Beyond the Insanity: An Open Letter to My Students

Bonberiko, hay kulu s’a ra.

The owner of the swollen head has nothing inside –Songhay saying

Dear Students:

In these insane times you are surrounded by people with swollen heads that are empty. Sadly, they often occupy positions of political and corporate power. How else can you explain what’s going on in the world?  In America a crime boss occupies the world’s most powerful political office.  In the words of his former personal attorney and fixer, Michael Cohen, the crime boss is “… a racist, a conman and a cheat.” You live in a society in which the crime boss routinely insults and threatens those who disagree with him, embraces baseless conspiracy theories, and creates an alternate reality based upon “alternate facts.” He dismisses inconvenient scientific findings and questions the ethics of scientists.  To make matters worse he is protected by thousands of empty-headed lawmakers whose blind loyalty to his unending lies and conspiracies has enabled and reinforced previously unimaginable expressions of hate and ignorance. His behavior has provoked the meteoric rise of hate groups, encouraged widespread corruption and triggered an endless array of scandals. And yet, none of these developments has undermined the crime boss’s support among a mesmerized base of supporters, who, like the unsuspecting students of Trump University, are getting fleeced—especially under the provisions of the new tax law. 

There are millions of people today with swollen heads that are empty of facts, reason, and yes, compassion for others.  You live in a world that lacks civility, a world in which people judge you as a winner or a loser.  If you are a winner, you have to do what is necessary to win—at all costs.  That means that you may, like the head crime boss, resort to lying, inventing convenient facts, and practicing expediency—taking the shortest, easiest path toward the finish line.  The desire to win at all costs may result in your success, but at what cost?  Life in a fantasy world eventually catches up to you.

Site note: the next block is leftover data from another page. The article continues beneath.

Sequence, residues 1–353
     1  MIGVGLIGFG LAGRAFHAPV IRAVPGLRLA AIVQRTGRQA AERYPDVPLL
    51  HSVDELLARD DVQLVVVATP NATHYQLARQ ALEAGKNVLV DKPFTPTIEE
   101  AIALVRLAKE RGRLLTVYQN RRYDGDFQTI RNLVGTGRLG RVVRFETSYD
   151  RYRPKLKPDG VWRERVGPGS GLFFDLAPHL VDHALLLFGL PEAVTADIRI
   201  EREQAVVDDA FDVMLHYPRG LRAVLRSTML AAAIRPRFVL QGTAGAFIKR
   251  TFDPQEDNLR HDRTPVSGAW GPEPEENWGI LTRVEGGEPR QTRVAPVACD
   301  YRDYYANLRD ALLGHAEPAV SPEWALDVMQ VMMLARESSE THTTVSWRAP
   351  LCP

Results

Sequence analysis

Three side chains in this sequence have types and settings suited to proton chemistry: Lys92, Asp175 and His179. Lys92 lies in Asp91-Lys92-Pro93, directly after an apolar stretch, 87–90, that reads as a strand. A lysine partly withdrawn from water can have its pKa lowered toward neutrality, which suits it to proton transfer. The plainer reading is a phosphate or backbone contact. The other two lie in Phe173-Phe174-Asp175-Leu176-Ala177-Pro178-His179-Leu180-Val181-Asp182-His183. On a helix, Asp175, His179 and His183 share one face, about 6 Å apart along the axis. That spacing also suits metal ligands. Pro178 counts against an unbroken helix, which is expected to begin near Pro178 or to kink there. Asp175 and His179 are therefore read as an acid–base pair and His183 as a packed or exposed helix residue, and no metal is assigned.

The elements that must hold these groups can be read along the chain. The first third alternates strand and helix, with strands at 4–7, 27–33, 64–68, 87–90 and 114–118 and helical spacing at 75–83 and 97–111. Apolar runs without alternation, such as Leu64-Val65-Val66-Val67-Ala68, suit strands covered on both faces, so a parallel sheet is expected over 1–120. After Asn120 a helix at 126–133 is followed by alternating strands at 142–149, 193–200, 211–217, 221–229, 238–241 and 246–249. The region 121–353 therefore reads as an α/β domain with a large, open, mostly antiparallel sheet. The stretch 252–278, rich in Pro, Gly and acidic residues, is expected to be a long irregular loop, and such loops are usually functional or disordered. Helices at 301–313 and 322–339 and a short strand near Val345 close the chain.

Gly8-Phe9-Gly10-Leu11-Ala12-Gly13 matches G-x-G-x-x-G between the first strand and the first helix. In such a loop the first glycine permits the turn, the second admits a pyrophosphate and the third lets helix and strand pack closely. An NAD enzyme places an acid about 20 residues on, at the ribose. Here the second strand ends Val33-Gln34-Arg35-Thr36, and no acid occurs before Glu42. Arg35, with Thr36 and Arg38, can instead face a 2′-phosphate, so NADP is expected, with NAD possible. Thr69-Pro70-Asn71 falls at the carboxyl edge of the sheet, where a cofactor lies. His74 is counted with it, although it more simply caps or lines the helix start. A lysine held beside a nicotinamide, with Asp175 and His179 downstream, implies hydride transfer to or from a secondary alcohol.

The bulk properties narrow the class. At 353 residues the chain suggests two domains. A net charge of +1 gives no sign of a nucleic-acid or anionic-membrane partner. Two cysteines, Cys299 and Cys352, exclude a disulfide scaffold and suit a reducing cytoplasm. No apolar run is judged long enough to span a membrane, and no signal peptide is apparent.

You’ll eventually be caught in a lie.

You’ll eventually be exposed as shallow and thoughtless.

You’ll eventually realize that your life could become as empty-headed as that of the crime boss, his family and his followers.

In such a climate of social hysteria no wonder so many of you suffer from such heightened degrees of anxiety.

A post-apocalyptic way station for survivors of social hysteria in Philadelphia
Photo by Paul Stoller

How might you fill your heads with knowledge and wisdom that might well make your future less stressful and more meaningful?

Facing the very strong head winds of our winner-loser society in which the speed of social life has created mass alienation and widespread dysfunction, it will not be easy to march toward a better future. 

But it can be done.

When I listen to my anthropology students and see how they are actively attempting to shape their future, I am inspired. My students are very concerned about their future.  How will they live in a world devastated by social dysfunction, climate change, social dislocation?  Many of them support the Green New Deal.  One of them has traveled repeatedly to the Halls of Congress where she has protested outside the office of Senate Majority Leader Mitch McConnell.  On one occasion her civil disobedience resulted in an arrest. In so doing she extended academic theory (the anthropology of the Anthropocene) into political practice. Through her activism, she is shaping her destiny. In the future such courage will be remembered.

It is not easy to change entrenched public policy. It is harder still to transform longstanding attitudes about race and the conquest of nature.  Indeed, the evolution of social and cultural change is an admittedly slow process.  The Civil Rights Movement began with a relatively small band of activists who put their bodies on the line for social justice. Authorities jailed many of them. Some of the were beaten. Some of them lost their lives.

Remembering Activists who who died during The Troubles in Belfast, Northern Ireland Photo by Paul Stoller

In time the movement gained momentum and provoked substantive change in American social life.  Civil Rights activists, however, were not naïve; they knew that it would take a very long time to change a fundamentally racist society.  Like my courageous student, Green New Dealers understand that they, too must be persistent and patient. They also know that it will take a massive and carefully organized grassroots social movement to provoke a critical mass of people into a species-saving environmental activism. Like the engaged anthropologists of the past, our students realize that if you are seriously committed and take the long view, the wind direction will eventually shift. When such a wind shift comes–and it will–we should not forget to thank our pioneering student activists for their embodied courage, a courage that will have made it possible for us to salvage our human being.

In Solidarity

Your Professor

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